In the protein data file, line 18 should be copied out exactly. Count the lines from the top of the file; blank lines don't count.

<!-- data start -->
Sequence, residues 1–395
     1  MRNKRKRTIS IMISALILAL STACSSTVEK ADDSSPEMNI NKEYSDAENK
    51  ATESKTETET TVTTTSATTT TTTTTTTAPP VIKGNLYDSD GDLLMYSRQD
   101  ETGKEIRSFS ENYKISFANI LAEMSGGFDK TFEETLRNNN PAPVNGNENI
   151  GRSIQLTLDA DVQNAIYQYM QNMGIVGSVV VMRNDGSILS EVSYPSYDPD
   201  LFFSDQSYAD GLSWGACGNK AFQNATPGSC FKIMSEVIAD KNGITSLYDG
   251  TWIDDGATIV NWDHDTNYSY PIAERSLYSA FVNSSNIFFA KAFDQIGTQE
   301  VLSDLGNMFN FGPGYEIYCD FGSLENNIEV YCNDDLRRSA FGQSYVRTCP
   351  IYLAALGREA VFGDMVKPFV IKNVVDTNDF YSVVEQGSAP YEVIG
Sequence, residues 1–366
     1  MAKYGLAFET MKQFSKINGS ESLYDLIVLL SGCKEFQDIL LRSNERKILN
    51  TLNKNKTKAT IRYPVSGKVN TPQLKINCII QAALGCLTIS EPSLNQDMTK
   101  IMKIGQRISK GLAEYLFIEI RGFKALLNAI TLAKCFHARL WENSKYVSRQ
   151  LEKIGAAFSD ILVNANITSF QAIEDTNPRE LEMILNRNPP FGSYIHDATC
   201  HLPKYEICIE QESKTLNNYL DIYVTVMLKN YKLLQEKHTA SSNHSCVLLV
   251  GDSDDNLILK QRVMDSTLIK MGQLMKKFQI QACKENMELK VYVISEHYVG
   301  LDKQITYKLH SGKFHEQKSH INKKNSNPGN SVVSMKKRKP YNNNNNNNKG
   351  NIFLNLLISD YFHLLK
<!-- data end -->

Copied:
   351  NIFLNLLISD YFHLLK